Jamie Wyeth’s “Orca Bates,” 1990, oil on panel, 40 x 40 in., collection of Crystal Bridges Museum of American Art, Bentonville, Arkansas
Jamie Wyeth’s “Orca Bates,” 1990, oil on panel, 40 x 40 in., collection of Crystal Bridges Museum of American Art, Bentonville, Arkansas
"Orca Bates," a painting of a boy raised on Monhegan Island, is among Jamie Wyeth's most enigmatic, visually seductive, and emotionally charged portraits. It belongs to a series of paintings of Orca begun in late 1989, continuing for five years, and charting the boy's journey from childhood to adolescence. On Monhegan Island adolescence ends at eighth grade, as youngsters of high-school age must leave home and family to complete their education at a state-subsidized boarding school on the mainland. "There his understanding of the ways of seagulls and fishermen," art historian Richard McClanathan has observed of Monhegan youth cast ashore, "doesn't count for much."

At Wyeth's request Orca himself signed "Orca Bates," at the lower left in red, block letters. It is the "signature" painting from the series. Another striking example, "Portrait of Orca Bates," from the previous year is in the collection of the Farnsworth Museum. Insisting that Orca sign the later painting was a way of stating Wyeth's belief that it was created in equal measure by the sitter, so naturally does he occupy the imagined space. Orca's youthful, naked vulnerability plays against the massive, tooth-studded whale jawbone, its whiteness and associations with a mythic, distant past a stark contrast to the blushing, reddish-pink glow that seems to emanate from within the boy's wet, shimmering body. Sitting on an antique sea chest, Orca is a young Jonah, or Melville's Ishmael, freshly plucked from the sea. It also contains echoes of John Singleton Copley's early masterpiece, "Watson and the Shark," 1778 (the original of three versions is at National Gallery of Art, D.C.), the dramatic depiction of a 14-year-old (Brook Watson) literally pulled from the jaws of a shark in Havana Harbor. Orca's of-the-moment digital watch, an intentional detail pointing to the present, pulls the painting back from historical and literary references that Orca, from a hard-working fishing family, would likely have found mystifying if not surreal.

Upon seeing the completed painting, Orca complained that Wyeth distorted the size of his feet. An artist who gained an understanding of anatomy at the level of sinew and bone through field studies with a surgeon at a New York hospital morgue, Wyeth exaggerated his model's feet to suggest the way young men sometimes grow into their bodies in fits and starts. It is, to say the least, an awkward age for boys, harder still, perhaps, for those stepping from a 19th-century way of life into the late 20th.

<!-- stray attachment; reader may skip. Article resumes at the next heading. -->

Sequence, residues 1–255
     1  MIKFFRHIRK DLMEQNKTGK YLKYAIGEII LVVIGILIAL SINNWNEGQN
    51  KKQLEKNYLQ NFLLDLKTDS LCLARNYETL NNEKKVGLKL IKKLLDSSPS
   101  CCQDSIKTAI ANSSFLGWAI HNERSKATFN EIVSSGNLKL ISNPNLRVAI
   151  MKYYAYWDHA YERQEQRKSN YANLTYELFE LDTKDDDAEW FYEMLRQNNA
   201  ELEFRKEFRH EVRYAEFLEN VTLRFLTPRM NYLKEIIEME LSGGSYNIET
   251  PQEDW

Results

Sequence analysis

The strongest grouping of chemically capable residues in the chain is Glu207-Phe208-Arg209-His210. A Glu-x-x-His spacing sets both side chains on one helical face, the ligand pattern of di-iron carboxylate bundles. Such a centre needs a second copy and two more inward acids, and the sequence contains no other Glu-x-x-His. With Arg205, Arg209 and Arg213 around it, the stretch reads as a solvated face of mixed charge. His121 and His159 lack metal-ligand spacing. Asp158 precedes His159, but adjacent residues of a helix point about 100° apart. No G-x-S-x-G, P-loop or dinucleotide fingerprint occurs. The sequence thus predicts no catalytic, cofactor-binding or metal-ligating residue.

Wyeth is a master at rendering natural textures, whether molting seagull feathers, aged wood, or new flesh. His technique, practiced since early boyhood, is fluent and sure; surfaces are built over time and paintings can take many weeks to complete. The final results have both solidity and supple freshness. In "Orca Bates" the painter's brushwork is vigorous, with quick, gliding strokes that blend optically to create complex spatial and light effects. The warm earth tones, creamy yellows, and sunburnt reds in the whalebone and Orca's flesh contrast with the cool violets, purples, and blue-grays in the background clapboards and sea chest. The entire surface is alive with flickering energy and painterly touch. Wyeth is a physical painter and loves the feel, smell and texture of oil paint; generous amounts of it often end up on his clothes, the studio floor, and more or less permanently under his nails. The technique and subject are in perfect, rhyming consonance.

Naked, a creature of primal nature, Orca is literally in a state of becoming. His world of timelessness and immediacy, of valued traditions colliding with contemporary culture, of lost innocence and bright promise, are all present in Wyeth's remarkable portrait.